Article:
Bookish Bucket List 2015

As 2014 comes to a close and this year's Goodreads challenge also comes to an end, I've been left to ponder the books I'm most excited to read in 2015. Some of these I've started already and hope to finish in the new year and others are books I've been wanting to read for absolutely ages. Either way, I think having them down on (virtual) paper will act as an incentive for me to really try and get through them all! So, without further ado, here's my bookish bucket list for 2015:

1. 'Wuthering Heights' by Emily Brontë 
2. 'Dracula' by Bram Stoker
3. 'Frankenstein' by Mary Shelley
Gothic fiction is one of my favourite classic genres so I thought it was high time I got my teeth stuck into these three.

4. 'The Luminaries' by Eleanor Catton 
5. 'Emma' by Jane Austen
Two books I started and never finished in 2014 but I'm still very keen to add them to my 'read' list!

6. 'Dubliners' by James Joyce
I recently read one of the stories contained in this collection - 'The Dead'- and absolutely loved it (you can read more about what I thought here!) so I'm really excited to read the rest.

7. 'The Screwtape Letters' by C.S. Lewis
8. 'A Grief Observed' by C.S. Lewis
It's no secret that C.S. Lewis is one of my all time favourite writers and thinkers. I started 'The Screwtape Letters' several years ago and never finished it- I think I was a bit too young at the time and it just went straight over my head- but I'd really like to give it another go. I've also been wanting to read 'A Grief Observed' for a while now. It was written following the death of Lewis's wife, Joy during a time when he really wrestled with the fundamentals of his Christian faith. Apparently it makes as a really interesting comparison to 'The Problem of Pain' as well. 

9. 'This Side of Paradise' by F. Scott Fitzgerald
10. 'The Beautiful and the Damned' by F. Scott Fitzgerald
After having loved 'Tender is the Night' so much this year, and of course being such a big fan of Gatsby I've decided that 2015 will be a year of Fitzgerald for me.

What's on the top of your reading list for 2015?

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300 Followers Giveaway | The Penguin English Library (Now Closed)

Hi guys! So, I am absolutely over the moon to be able to say that Alphabeth has just reached 300 followers!! I actually can't believe it, I almost feel like I finally have a proper "grown-up" blog now, if you know what I'm saying? Maybe not. But anyway, I just wanted to say thank you so much to everyone for all the love and support I've received over the last 6 months since I've been writing this blog. It's amazing to be part of such a positive and encouraging blogging community to the point where I can honestly say that starting Alphabeth has been one of the best decisions I've ever made, if only just because it's given me the chance to get to know so many of you!

Just to say a massive thank you for everything, I've decided to run my first ever giveaway, albeit just a lil mini one. Since I know there are a lot of you out there who share my enthusiasm for the gorgeous Penguin English Library books (Amanda and Jess, I'm looking at you!) so I thought it might be nice to give you the chance to win any one book of your choice from the entire collectionFor a full list of the 100 books available in the collection click here!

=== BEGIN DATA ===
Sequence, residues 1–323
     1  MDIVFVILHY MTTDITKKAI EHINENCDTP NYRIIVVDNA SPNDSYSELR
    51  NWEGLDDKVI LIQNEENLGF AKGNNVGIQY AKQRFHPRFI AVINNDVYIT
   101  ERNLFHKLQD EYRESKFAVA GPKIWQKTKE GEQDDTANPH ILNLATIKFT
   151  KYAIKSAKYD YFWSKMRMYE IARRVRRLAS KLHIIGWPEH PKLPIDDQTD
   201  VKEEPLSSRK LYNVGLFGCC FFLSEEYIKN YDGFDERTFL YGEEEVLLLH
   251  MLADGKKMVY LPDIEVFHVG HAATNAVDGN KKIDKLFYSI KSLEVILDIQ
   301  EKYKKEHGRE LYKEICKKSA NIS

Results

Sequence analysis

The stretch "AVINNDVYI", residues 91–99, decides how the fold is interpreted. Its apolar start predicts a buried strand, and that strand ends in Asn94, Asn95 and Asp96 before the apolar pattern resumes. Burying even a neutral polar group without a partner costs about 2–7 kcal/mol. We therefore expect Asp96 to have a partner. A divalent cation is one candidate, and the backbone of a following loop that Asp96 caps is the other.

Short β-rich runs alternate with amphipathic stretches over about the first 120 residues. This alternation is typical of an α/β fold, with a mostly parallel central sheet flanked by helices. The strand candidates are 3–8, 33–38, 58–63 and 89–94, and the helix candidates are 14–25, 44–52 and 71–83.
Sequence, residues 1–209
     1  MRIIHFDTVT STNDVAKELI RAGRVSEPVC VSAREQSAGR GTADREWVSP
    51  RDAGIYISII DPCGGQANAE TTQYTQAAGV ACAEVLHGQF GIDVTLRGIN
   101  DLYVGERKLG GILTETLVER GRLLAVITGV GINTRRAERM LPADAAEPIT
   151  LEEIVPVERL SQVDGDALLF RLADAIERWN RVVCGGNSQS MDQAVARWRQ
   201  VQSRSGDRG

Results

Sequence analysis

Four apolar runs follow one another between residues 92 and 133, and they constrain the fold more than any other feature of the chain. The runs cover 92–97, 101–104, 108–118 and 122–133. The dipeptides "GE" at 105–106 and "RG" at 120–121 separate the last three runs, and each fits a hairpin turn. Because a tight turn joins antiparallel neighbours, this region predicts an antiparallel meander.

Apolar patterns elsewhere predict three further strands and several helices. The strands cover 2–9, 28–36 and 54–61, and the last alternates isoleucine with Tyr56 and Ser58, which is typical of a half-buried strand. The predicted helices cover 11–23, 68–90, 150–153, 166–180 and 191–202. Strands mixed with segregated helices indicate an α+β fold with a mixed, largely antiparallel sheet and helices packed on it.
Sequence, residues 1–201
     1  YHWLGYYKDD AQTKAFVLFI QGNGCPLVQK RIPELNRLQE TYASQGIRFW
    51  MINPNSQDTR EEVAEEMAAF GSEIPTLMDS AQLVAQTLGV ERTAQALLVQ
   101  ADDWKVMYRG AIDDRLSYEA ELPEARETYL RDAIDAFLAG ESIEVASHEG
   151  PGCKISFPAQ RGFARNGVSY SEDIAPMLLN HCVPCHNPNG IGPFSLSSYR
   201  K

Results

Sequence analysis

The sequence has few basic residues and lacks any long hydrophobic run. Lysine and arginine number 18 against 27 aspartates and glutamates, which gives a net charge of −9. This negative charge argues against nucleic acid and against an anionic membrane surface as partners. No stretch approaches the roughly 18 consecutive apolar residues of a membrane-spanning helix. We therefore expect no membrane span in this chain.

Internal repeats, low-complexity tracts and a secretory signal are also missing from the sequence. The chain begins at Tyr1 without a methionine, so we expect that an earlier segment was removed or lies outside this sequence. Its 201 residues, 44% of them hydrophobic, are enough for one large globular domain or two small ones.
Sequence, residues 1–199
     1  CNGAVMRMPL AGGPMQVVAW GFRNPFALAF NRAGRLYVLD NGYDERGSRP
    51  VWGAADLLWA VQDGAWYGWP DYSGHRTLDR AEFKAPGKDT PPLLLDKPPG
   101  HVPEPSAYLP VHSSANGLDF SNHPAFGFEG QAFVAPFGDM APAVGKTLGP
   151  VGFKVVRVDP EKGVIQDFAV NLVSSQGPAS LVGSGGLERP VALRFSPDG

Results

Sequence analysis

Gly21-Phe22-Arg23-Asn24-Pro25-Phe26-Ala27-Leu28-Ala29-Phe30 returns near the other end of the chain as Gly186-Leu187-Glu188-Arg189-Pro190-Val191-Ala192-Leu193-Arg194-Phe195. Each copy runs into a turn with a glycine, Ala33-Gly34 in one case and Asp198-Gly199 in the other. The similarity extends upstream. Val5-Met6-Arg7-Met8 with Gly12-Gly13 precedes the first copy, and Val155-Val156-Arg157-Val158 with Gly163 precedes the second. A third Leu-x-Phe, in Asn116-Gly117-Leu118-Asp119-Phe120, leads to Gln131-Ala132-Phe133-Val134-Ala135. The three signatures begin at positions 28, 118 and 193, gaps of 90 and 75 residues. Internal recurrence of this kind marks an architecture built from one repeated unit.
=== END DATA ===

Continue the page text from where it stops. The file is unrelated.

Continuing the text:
The rules: This is an international giveaway open to anyone who would like to enter (though you must be following me on Bloglovin') and will close on 12th November 2014. Follow the steps below on Rafflecopter to enter and remember to tweet a message to gain additional entries!

a Rafflecopter giveaway

Read in September

This month I finished quite a good mix of fiction- bit of young adult here, bit of "chick lit" there, meshed in with a couple of classics too! I just want to say though before I go on to the breakdown of what I've read this month, there were a couple of these books that I really didn't like so I apologise for any ranting on my part and I've also realised that this post is really reeeally long so again, apologies! But without further ado:

'The Rosie Project' by Graeme Simsion
I've seen this described on Goodreads as "Sheldon (Big Bang Theory) in love," a comparison I would certainly agree with. The novel tells the story of one nerdy guy who devises a compatibility questionnaire with very specific criteria in order to find the perfect mate.
I have already written a review of this book here which will give you a better overview of my thoughts but long story short, I really enjoyed this book, it was very funny and played out somewhat like a romantic comedy. I believe this book started off life as a screenplay in fact, so that would explain why I've seen a few people describe it as "cinematic". The characters are also very likeable and it's just a real fun, easy read! 
Rating: «««

'Will Grayson, Will Grayson' by John Green & David Leuithan